The TCO debate[edit]

TCO stands for "total cost of ownership". In its simplest form TCO refers to all the costs associated with acquiring, installing and using a piece of software. This loosely defined concept covers a wide range of items, such as license fees, installation costs, and maintenance costs.

There is an argument about whether TCO is lower for proprietary software or for FOSS. While TCO varies from case to case, FOSS will generally have an advantage when long-term costs are figured in.

Somewhat counter intuitively, the fact that FOSS is available free of license costs does not greatly influence its position in the TCO debate. Even for proprietary software, license fees make up only a small proportion of total costs over time. This is especially true when your FOSS business is working in an environment where much of the proprietary software that is being used is unlicensed, and has been acquired at a price near zero. For large deployments, it is also quite common for large proprietary vendors to use a loss-leader strategy, giving away software licenses e.g. for the operating system for (nearly) no money in order to gain customers for applications building on that operating system. For these reasons, license fees often fail to work as a convincing argument for FOSS.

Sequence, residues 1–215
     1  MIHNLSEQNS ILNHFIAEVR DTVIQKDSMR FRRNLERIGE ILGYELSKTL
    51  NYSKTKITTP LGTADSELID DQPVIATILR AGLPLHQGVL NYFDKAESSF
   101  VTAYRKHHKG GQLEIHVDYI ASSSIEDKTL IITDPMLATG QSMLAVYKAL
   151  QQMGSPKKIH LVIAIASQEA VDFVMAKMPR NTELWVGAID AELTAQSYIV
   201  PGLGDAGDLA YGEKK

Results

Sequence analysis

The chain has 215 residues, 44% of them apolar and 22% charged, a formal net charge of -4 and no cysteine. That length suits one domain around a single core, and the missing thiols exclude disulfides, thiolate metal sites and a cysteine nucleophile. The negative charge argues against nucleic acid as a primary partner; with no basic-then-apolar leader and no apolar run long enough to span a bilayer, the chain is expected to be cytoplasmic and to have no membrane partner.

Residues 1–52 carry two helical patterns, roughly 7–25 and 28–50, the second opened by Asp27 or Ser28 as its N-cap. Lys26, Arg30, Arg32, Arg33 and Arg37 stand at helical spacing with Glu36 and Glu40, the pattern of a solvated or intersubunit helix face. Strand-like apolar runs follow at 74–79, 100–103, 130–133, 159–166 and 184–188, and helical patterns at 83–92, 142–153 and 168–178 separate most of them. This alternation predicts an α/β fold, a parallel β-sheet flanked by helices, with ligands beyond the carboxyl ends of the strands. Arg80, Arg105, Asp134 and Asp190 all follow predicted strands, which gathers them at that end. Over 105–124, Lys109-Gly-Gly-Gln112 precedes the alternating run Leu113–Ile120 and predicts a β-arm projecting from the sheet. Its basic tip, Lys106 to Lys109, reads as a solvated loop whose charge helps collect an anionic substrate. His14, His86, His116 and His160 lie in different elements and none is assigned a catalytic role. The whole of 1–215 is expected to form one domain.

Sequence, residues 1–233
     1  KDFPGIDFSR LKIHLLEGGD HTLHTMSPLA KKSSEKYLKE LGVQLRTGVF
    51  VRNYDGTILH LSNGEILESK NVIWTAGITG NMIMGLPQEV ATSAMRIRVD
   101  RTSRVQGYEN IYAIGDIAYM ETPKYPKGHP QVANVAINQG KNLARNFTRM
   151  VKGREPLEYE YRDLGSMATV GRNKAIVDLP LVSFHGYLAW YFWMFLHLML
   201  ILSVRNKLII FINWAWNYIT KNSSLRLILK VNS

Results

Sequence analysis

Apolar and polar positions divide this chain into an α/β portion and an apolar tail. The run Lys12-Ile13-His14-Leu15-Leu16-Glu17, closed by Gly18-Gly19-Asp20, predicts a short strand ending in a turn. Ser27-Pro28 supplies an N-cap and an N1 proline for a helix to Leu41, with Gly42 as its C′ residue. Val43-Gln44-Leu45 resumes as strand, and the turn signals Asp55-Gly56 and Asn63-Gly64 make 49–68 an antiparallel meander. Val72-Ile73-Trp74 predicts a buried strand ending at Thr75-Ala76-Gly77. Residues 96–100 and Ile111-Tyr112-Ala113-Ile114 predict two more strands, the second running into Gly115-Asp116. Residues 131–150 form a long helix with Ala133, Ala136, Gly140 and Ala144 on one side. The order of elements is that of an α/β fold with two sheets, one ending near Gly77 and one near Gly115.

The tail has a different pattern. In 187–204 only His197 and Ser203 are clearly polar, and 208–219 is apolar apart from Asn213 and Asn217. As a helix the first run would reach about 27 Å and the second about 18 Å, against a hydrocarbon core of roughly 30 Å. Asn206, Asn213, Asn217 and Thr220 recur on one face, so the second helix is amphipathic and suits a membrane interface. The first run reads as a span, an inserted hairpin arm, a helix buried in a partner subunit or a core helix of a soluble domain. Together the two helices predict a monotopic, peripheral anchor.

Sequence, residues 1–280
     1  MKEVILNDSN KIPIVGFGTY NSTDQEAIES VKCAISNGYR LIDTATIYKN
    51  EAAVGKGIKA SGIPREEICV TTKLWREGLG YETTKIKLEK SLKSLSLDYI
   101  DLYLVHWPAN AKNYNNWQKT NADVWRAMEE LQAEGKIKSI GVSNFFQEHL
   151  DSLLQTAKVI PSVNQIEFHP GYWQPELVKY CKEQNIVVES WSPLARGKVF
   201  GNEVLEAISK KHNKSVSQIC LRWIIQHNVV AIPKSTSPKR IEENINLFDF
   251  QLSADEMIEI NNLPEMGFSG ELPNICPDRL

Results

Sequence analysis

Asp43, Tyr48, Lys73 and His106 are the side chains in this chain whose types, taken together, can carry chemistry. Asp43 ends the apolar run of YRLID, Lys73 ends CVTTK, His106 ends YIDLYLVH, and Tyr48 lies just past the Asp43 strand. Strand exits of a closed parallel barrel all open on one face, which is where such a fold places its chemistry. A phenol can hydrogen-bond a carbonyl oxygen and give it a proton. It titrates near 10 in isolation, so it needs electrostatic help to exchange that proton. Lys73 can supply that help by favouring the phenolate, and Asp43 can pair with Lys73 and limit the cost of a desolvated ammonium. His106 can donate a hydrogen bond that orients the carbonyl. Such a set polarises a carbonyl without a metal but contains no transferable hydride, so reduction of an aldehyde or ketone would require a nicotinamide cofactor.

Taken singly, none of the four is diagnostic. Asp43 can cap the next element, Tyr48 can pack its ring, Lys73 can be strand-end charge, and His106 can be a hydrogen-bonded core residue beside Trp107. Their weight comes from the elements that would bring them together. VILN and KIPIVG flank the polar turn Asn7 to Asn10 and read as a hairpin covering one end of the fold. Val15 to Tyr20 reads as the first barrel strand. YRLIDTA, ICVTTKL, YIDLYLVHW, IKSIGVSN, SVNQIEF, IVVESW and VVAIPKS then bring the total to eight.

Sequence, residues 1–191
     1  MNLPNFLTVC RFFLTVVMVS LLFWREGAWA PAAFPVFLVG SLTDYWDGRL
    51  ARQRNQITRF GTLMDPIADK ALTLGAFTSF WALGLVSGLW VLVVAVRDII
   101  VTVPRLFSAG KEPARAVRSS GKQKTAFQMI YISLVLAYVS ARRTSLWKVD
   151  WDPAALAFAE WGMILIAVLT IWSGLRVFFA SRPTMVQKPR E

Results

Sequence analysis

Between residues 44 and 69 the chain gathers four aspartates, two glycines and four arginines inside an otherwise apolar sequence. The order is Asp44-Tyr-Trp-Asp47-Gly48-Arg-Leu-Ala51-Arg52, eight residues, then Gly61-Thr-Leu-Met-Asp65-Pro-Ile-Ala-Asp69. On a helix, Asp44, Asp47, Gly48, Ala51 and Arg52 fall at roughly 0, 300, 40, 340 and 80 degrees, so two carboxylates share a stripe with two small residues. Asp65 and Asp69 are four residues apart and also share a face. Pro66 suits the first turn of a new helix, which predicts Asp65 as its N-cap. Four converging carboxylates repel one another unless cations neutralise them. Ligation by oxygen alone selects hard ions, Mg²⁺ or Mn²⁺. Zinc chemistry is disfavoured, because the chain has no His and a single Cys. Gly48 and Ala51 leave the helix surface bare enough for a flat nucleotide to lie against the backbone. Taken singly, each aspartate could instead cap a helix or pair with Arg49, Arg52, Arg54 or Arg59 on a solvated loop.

It is common for customers to move to new applications, be it because they offer better functionality, or because a proprietary supplier has disappeared from the market. Since most proprietary applications store data in their own proprietary format, it is usually very difficult for the customer to convert his data to a new format.

FOSS avoids this problem by using open standards - ways of sending, receiving and storing data that are publicly documented, and can be implemented by anyone. This has two important consequences: